This summer, the U.S. oil giant Chevron Corp., mired in a 19-year legal battle over pollution in the Amazon jungle, fired its opening volley in a new front in the fighting: Canada.
Rather than issue a defence to a statement of claim filed May 30 in the Ontario Superior Court, Chevron’s lawyers instead filed a motion on July 16 saying that no Canadian court has jurisdiction to enforce an $18.3-billion award issued against the company last year in Ecuador.
Chevron has subsidiaries in Canada operating in Newfoundland and Alberta, but since the judgment was against the U.S.-based parent company, which doesn’t exist here, Canadian courts can’t deal with it, Chevron argues.
That’s an early taste of the legal arguments in what some have described as the world’s largest lawsuit. It’s also a symbol of the increasing role Canada’s justice system will have to play in the coming years in refereeing enforcement actions against global corporations.
The Chevron lawsuit began in 1993 against Texaco in relation to accusations of polluting the Amazon basin while drilling for oil there in the 1970s and 1980s as a partner of Ecuador’s state oil company.
Chevron, after acquiring Texaco in 2001, defended itself in a lengthy trial in Ecuador that resulted in the 2011 judgment.
Chevron has no assets in Ecuador. It calls the $18-billion award “illegitimate” and is refusing to pay. The company is also suing the plaintiffs’ legal team in the United States for bribery, fraud, and fabricating evidence.
Last year, it obtained an injunction from a New York judge preventing the plaintiffs from seeking enforcement of the award outside Ecuador. The injunction was vacated on appeal.
Due to the complications of the ongoing U.S. litigation and perhaps political fears that the American courts might be more sympathetic to Chevron, the plaintiffs have now decided to seek enforcement of their award outside the United States.
Last spring, Canada became the first stop on what they’ve said will be a global pursuit of Chevron assets. A similar legal action in Brazil followed their Canadian claim.
The case has only a tenuous link to Canada. Neither of the parties named in the original lawsuit in Ecuador, nor the pollution itself or the war of words and the allegations of fraud and bribery that have surrounded the case for decades have anything to do with this country.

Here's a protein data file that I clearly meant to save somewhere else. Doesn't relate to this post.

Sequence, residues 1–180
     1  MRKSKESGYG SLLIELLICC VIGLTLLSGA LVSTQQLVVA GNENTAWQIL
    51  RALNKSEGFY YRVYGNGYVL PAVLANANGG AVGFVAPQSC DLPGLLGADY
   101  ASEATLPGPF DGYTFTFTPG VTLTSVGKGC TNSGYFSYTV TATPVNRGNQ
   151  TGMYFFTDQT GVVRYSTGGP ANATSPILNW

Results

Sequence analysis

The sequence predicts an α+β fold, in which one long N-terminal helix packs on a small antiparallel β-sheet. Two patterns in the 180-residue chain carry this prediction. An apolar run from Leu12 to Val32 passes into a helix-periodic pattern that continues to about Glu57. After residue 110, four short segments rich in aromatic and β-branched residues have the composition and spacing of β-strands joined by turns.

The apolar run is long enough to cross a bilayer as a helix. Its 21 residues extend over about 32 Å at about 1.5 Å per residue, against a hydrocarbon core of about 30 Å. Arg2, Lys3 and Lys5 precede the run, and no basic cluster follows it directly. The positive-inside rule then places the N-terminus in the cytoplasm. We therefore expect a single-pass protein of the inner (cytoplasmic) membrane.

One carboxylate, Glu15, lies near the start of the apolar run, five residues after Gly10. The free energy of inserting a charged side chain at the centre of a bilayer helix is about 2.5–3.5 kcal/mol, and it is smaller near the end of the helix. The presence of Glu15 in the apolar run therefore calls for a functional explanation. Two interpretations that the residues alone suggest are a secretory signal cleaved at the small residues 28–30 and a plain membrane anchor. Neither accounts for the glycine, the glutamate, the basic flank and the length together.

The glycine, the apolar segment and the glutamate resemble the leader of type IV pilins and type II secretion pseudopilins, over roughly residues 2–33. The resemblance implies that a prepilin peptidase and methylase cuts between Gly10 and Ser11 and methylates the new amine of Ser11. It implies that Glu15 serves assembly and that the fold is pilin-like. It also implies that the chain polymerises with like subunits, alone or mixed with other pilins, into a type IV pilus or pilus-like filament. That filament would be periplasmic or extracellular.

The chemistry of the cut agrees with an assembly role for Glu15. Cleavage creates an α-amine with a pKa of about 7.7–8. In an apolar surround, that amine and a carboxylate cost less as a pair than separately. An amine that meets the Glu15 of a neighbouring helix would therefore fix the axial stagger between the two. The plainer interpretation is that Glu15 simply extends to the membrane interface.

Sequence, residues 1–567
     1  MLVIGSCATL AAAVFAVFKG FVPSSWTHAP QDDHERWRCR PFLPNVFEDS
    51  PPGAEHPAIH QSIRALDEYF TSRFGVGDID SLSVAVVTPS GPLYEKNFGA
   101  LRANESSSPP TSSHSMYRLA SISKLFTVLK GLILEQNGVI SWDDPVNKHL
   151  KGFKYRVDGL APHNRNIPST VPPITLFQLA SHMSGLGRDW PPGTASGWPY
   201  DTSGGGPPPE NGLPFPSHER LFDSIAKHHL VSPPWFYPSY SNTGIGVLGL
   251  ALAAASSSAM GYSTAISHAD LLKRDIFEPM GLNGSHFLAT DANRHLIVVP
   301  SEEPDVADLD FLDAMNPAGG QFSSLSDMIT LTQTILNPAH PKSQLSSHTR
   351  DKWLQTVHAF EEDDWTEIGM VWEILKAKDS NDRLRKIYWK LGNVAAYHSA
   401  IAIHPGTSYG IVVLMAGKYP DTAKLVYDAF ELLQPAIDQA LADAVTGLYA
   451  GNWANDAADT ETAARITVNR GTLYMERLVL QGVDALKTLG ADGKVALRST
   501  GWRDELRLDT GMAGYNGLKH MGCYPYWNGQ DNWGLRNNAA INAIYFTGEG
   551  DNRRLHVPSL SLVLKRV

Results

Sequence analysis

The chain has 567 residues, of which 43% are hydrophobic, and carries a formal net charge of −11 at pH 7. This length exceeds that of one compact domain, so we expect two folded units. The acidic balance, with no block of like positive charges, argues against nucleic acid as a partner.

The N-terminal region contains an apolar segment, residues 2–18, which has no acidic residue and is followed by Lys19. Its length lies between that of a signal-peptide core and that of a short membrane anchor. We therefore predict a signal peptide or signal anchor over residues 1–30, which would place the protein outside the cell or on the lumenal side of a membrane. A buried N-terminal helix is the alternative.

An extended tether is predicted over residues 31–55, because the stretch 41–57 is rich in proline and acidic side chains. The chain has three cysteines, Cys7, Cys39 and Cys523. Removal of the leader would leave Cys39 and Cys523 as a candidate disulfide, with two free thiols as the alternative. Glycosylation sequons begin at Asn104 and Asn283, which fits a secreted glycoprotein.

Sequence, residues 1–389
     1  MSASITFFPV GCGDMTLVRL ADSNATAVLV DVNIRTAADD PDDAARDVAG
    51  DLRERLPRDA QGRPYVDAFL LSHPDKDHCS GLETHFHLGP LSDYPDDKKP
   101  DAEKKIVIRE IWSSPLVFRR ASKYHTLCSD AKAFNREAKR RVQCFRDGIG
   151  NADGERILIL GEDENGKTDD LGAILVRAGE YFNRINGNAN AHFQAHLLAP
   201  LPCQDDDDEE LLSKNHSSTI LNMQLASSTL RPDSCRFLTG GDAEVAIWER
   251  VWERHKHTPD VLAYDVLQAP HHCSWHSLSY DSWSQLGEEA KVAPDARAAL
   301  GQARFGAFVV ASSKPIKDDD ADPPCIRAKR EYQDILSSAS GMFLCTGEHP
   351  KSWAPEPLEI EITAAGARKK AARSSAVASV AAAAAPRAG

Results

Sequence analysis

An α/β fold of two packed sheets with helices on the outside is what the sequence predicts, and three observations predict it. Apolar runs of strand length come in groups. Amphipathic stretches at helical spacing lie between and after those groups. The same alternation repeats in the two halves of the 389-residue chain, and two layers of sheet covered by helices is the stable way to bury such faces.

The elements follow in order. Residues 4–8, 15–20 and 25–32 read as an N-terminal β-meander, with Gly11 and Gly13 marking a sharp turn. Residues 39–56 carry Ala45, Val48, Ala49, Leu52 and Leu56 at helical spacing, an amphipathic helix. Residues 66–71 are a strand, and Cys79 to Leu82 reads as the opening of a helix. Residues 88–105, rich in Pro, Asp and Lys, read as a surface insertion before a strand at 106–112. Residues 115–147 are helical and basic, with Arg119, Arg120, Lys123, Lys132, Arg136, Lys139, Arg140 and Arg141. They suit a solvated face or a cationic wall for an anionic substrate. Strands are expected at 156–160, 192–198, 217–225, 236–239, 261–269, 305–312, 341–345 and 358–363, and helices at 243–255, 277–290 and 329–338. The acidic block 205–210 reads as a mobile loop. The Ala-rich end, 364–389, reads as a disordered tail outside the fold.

Only the presence of some Chevron assets here has brought the case to Canada.
“Why wouldn’t you come to Canada?” asks Alan Lenczner, the high-profile Toronto litigator who represents the plaintiffs in Ontario.
“When you realize that Chevron runs virtually all of its business through subsidiaries, you’ve got to go where the assets are.
“I’m sure there’s not $18 billion worth of assets here, neither in Brazil. So we’re going to have to go around the world, since they won’t pay, and collect where we can.”
The plaintiffs probably consider it advantageous that Canada’s legal system forbids the courts here from retrying any prior evidence already adjudicated in Ecuador.
And they’re likely hoping that a successful decision in Ontario will expedite actions in countries with similar legal traditions, such as Australia and Britain, where Chevron might also have assets.
“It would certainly give a big boost to the plaintiffs’ actions in other common law countries,” says Markus Koehnen, an international commercial litigator with McMillan LLP in Toronto. “Canadian enforcement would certainly give their case a great deal of credibility.”
If Chevron’s jurisdictional argument fails to stay the case in Ontario, the company is likely to raise questions about Ecuador’s judicial system and whether or not it received a fair hearing there.
The company can also raise public policy objections to the enforcement of the award in Canada and it can allege that the trial in Ecuador was subject to fraud or bribery.
Koehnen says Chevron will need convincing evidence of such things. As a result, it won’t succeed simply by questioning the general integrity of Ecuador’s justice system.
“If there is evidence that the court lacked independence or was somehow bribed, then that would be one ground for refusing to enforce the judgment,” he says. “It’s not enough to say, ‘Well, it’s a developing country. Therefore, the court system lacks independence.’
“Canadian courts give a fair bit of weight to the concept of judicial comity, which is the respect you accord to other courts.”
Koehnen says these principles are likely to get a workout in Canada’s courts in the coming years as more and more judgments from unfamiliar legal jurisdictions find their way here.
“There’s no doubt that with increased trade and globalization, these sorts of cross-border issues are going to become more frequent,” he says, adding that multinational corporations can’t, on the face of it, shield assets in one country from court rulings in another.
“Having a company split up into subsidiaries around the world sometimes makes awards against them a little harder to enforce,” he says.
“But it by no means protects you against enforcement of a foreign judgment.”